How can I capture LOW, LOW, LOW volume guitar tones accurately?

Discussion in 'Recording/Live Sound' started by Deaj, May 28, 2005.


  1. Deaj

    Deaj Member

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    Hello all,

    I am discovering some incredible guitar tones using my amp, heavy attenuation with a HotPlate, and pedals. I just spent an hour or so playing while my wife and boy sleep and I'm just amazed at a variety of great tones I am able to squeeze out of my rig at volumes too quiet to hear just a few rooms away. The sound I'm getting from my rig at very low volume is rich and organic with great tactile feel. I'd love to use these tones for tracking but attempts in the past to record this have produced lackluster results. I have only a Shure SM57 mic at home and I suspect this is not the ideal mic for this application.

    Any suggestions for how I might go about capturing this quiet signal and capture it accurately?

    The amp is a 1x12 Rivera open back combo. I have the HotPlate set for 16dB attenuation and the master volume on the amp set to 8 (hit the HotPlate too hard and there's an unpleasant edge to the upper-mids). I'm still getting controllable even order harmonic feedback and alot of tactile control. I'd like to be able to capture this.

    Thanks!
     
  2. onemind

    onemind Member

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    I think since you're not dealing with huge pressure levels you'll have a lot of success with a large diaphragm condenser mic. While I'm leary to use an expensive "vocal" mic in front of an amp that's cranked, I find it especially useful in low volume situations. My personal favorites for this application are a Blue Baby Bottle and an AKG 414 B/ULS

    Steve
     
  3. Deaj

    Deaj Member

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    Thanks for the reply Steve!

    My brother has a Rode NTK. I give that a try in the next couple of days.
     
  4. loudboy

    loudboy Member

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    A guy who used to play w/Melissa Etheridge had a really cool article on recording guitar thru a tiny 4" high-compliance stereo speaker, several years ago.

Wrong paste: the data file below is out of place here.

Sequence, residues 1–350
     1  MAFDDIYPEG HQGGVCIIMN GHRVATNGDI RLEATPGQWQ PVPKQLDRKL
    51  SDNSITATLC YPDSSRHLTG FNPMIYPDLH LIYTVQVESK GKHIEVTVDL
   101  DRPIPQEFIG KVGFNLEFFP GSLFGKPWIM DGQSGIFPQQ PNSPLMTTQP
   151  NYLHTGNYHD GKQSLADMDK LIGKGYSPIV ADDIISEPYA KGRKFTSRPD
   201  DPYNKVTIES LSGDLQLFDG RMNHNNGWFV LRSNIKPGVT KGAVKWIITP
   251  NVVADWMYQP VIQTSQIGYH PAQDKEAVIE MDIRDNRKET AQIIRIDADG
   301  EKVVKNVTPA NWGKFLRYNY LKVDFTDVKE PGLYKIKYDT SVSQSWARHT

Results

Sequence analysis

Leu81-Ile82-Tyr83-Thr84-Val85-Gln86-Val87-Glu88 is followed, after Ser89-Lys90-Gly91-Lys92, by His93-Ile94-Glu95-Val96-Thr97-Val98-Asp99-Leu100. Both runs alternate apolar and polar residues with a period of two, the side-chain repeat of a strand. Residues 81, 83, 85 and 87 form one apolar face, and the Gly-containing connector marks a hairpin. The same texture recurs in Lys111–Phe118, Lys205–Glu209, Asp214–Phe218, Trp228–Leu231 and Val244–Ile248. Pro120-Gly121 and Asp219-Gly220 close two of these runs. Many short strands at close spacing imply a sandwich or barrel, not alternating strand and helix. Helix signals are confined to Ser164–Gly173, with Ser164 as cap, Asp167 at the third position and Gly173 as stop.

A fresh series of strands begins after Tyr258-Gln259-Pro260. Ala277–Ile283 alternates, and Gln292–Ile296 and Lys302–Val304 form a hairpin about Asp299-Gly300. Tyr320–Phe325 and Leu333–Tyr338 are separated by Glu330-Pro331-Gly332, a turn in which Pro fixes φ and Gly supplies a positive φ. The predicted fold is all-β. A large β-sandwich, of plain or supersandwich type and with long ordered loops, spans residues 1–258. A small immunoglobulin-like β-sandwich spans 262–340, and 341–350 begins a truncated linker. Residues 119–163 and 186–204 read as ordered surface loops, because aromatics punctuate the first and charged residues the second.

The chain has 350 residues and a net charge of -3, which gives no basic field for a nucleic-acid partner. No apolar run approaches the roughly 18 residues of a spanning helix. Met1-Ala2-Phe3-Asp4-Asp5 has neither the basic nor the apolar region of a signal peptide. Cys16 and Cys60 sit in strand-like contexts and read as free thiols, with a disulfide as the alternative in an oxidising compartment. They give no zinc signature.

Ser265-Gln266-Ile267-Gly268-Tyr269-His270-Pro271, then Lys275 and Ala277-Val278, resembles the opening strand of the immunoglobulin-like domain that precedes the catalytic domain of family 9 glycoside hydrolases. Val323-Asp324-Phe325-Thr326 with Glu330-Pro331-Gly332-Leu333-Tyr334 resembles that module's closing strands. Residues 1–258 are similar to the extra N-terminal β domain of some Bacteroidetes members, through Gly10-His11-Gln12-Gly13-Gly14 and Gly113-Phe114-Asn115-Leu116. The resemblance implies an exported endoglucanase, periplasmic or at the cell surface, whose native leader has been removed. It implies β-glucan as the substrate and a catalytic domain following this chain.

I think he used a small diaphragm condenser mic almost touching the cone.

    I never tried it, but it sounded like a cool idea.

    Loudboy
     
  5. aleclee

    aleclee TGP Tech Wrangler Staff Member

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    +1 on the condenser.

    I've gotten satisfactory results with a MXL 990/991 where an SM57 wasn't cutting it.
     
  6. mikeyp123

    mikeyp123 Guest

    Doesn't the hot-plate have some kind of adjustable line-level output? You could record this and use a cabinet + mic simulator, like Native Instruments Guitar Rig... then you're running totally silent!
     
  7. tedm

    tedm Gold Supporting Member

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    Try an MXL 990 with a good mic-pre, experiment with placement using headphones.

     
  8. Chiba

    Chiba Gold Supporting Member

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    I think a good ribbon mic would do the trick as well - Royer 122 pops to mind.

    --chiba
     
  9. GuitarG

    GuitarG Member

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    If I'm recording a really low volume amp, I've gotten the best results with a quality large diaphram condensor mic about 8-12" away from the grill. I've done some low volume recording using a Landgraff DO into my Blackface VibroChamp with the Vol on 3 or 4, and gotten some fairly strong tones using this mic technique.
    I usually place the amp in a carpeted closet.
     
  10. Deaj

    Deaj Member

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    Wow - lot's of ideas! Thanks all!

    I hope to be able to get some time to experiment in the next week or two. I'll post a follow up and sound clips if possible.
     
  11. Deaj

    Deaj Member

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    Well, here's my first attempt.

    Sound clip here

    Here are the specifics:
    Rivera Jake Studio 1x12 combo - clean channel with the MV set to 7.5-8
    THD HotPlate set for -16dB attenuation - rhiostat set to 2 o'clock
    Clay Jones OD - then - Hermida Zendrive - then - Hermida Mosferatu.
    Alder strat, maple/maple neck, Fralin Unbucker bridge is used

    Rode NTK large diaphram tube mic centered on the speaker and 12" away
    M-Audio FastTrack USB audio interface -> laptop w/Sonar 4 Producer.

    I had just a few minutes to set up, play some crap :D (didn't tune up), and put everything away so please ignore the playing. :)

    This was recorded at levels low enough to play in the middle of the night without waking anyone sleeping two rooms away. I didn't bother to get close enough for it but it is possible to get controllable harmonic feedback at this low volume when playing close to the amp. I'll have more time to mess around with this in the next week or two but this quick and dirty test is promising!
     
  12. riverastoasters

    riverastoasters Member

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    Glad you're enjoying the Jake.

    There is really nothing wrong with using the Shure SM57 for that application. Just put the mike close, and use a good mic pre. On a good mic pre you have like 60dB of gain and that is enough to get you a decent signal.

    What mic pre are you using?